The competition director begins the countdown of the final remaining minutes. Competitors breathe a sigh of relief after 90 minutes filled with tension and excitement. While packing up their supplies, the competitors begin a self-evaluation. Some of the veteran technicians may be displeased with their overall performance or perhaps a particular weakness in application technique. Even more disappointed are many novice competitors who have misjudged their time and were not able to complete the nails. Behind the curtain, the judges prepare to evaluate the great work they are about to see. Whether a competitor ultimately walks away dissatisfied or pleased. She feels the thrill and anticipation of the next challenge.
Know what you’re getting into. Once you decided to compare, there are necessary steps to yourself for the big day. Since competition vary slightly in their requirements, one of the first things you will need is a copy of the rules and regulations. This will let you know exactly what the judges are looking for in each competition. Make sure you are clear on what the requirements are. Contact the competition director regarding any questions or concern you may have.
Practice and time yourself. Choose a model who is accessible are cooperative. Besides having nice hands, beautiful nail beds, and great cuticles, your model must be willing to work with you and help keep you on time. Lysa Comfort, educational and artistic director for INM, recommends practicing every night for at least a week prior to the competition, timing your mock competitions. Set aside enough time to perfect your technique and timing with your model. Break application and finishing work into separate time periods. Do each step on all ten nails to keep your work consistent and save on time.
Prepare your model: Manicure your model in the week before the competition. Set her up with a maintenance routine for home. Her hands and cuticles should look as beautiful as possible for the competition. On the day of the competition, your model should be prepped and manicured before the event begins. Removed the entire free edge of her natural nail to create a sharper smile line and eliminate any of her nail showing through the enhancement. Preparing ahead of time avoids wasting precious minutes doing prep work.
Get a good night’s sleep. Make sure you are well rested and have eaten a healthy breakfast. Allow ample time to set up you area and relax before the competition starts.
Be prepared. Always carry back-up supplies just in case. Be sure you have a lamp, extension cords, extra light bulbs, extra abrasives, and extra application brushes or tool. Bring a heating pad to place on the table to keep your model’s hand warm. Cold hands can interfere with product application. Comfort also advises technicians to bring a container of warm soapy water. Dust fillings left on or under the nails will cause you to lose points from the judges.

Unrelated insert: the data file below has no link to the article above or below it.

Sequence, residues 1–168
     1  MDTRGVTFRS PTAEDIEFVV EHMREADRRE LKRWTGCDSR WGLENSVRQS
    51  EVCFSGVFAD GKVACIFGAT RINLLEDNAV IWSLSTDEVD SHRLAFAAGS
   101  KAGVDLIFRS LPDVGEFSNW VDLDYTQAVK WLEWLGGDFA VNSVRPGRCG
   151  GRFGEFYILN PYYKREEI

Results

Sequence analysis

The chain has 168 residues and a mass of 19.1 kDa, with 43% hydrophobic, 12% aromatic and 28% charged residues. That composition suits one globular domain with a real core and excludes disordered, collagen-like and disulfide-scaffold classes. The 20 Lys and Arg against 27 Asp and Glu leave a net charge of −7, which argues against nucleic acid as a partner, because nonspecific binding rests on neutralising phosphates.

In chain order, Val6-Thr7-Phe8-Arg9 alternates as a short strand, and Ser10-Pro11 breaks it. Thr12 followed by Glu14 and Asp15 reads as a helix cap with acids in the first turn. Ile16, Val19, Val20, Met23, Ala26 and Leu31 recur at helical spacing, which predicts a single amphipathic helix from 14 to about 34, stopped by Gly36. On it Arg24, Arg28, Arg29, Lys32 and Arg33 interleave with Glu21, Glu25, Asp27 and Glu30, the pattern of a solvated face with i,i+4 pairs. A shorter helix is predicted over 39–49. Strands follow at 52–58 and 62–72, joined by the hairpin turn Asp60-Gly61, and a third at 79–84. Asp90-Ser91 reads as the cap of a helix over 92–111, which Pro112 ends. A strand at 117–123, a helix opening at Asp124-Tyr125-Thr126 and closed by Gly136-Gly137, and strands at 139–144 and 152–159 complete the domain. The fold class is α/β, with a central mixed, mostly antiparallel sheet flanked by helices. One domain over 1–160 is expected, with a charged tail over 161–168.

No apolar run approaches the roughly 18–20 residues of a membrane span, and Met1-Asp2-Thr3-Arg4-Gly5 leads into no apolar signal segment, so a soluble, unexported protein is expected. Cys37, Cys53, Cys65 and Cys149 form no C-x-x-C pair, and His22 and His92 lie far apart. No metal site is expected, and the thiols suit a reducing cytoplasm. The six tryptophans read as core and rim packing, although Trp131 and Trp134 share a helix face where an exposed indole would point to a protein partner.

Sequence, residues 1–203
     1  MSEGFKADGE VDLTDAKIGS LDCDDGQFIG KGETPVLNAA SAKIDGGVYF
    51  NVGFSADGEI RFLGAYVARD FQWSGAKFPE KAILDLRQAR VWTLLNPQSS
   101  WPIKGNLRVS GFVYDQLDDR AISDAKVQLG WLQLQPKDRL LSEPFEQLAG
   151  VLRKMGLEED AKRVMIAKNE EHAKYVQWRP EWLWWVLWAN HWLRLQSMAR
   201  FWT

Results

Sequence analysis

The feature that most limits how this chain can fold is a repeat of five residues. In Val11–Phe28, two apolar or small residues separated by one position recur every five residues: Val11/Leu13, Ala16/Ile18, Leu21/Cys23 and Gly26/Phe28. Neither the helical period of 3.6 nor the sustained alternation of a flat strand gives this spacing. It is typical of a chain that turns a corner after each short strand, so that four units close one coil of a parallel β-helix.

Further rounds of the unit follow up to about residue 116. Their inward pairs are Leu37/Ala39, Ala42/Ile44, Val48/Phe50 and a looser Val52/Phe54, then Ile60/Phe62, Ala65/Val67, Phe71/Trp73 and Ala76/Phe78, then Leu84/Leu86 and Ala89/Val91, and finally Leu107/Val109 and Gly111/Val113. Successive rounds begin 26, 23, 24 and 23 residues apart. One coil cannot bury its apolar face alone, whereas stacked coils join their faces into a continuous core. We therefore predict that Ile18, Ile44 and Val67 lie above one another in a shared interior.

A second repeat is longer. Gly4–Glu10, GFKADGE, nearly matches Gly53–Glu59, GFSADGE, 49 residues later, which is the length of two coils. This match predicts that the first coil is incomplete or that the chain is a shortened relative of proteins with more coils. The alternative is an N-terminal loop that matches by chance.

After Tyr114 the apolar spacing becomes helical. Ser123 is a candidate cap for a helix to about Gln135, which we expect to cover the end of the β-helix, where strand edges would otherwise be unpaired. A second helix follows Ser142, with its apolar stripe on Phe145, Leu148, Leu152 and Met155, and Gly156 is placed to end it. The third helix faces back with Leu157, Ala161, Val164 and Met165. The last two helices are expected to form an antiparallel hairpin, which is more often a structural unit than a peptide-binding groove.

Stay focused. Follow your practiced application techniques and be aware of your time. Allow your model to encourage you keep you on schedule. The judges will look for things such as clarity, color and application consistency, C-curves, arches, cuticle area, air bubbles, and lengths. Measure the length of each nail against the other hand. Inconsistent length is too often a reason for lost points and can easily be avoided. Focus on making sure that all nails are consistent by looking at each nail from every angle.
Set goals. Amy Becker, a top competitor, suggest that you set at least one or two personal goals per competition. The most important goal new competitors should strive to achieve is simply to complete the competition and finish the nails. Another rewarding goal Becker recommends is to try to meet at least one new person at each competition. You will learn and grow from the shared wisdom of veteran competitors.
At first competitions may seem a bit different from what you were originally expecting. However, it must never be about winning the competition; instead focus on what you have learned from competing. It is important to pick up your score sheets from the judges after the competition. Study and learn from them. The job of a judge is to inspire to grow and improve on your technical skills. Use their constructive criticism as a tool to advance your techniques, as well as improve your salon work. Treat each competition as a personal challenge whether you win or lose. Strive to better your work and timing with each competition. With hard work and dedication, who knows, one day you may even rank on NAILS’ Top 25 Competitors list.
A nail tech for 19 years, Patricia Yankee Williams is the owner of Pattie’s Place in Baldwin, N.Y., and a frequent nail competition judge.
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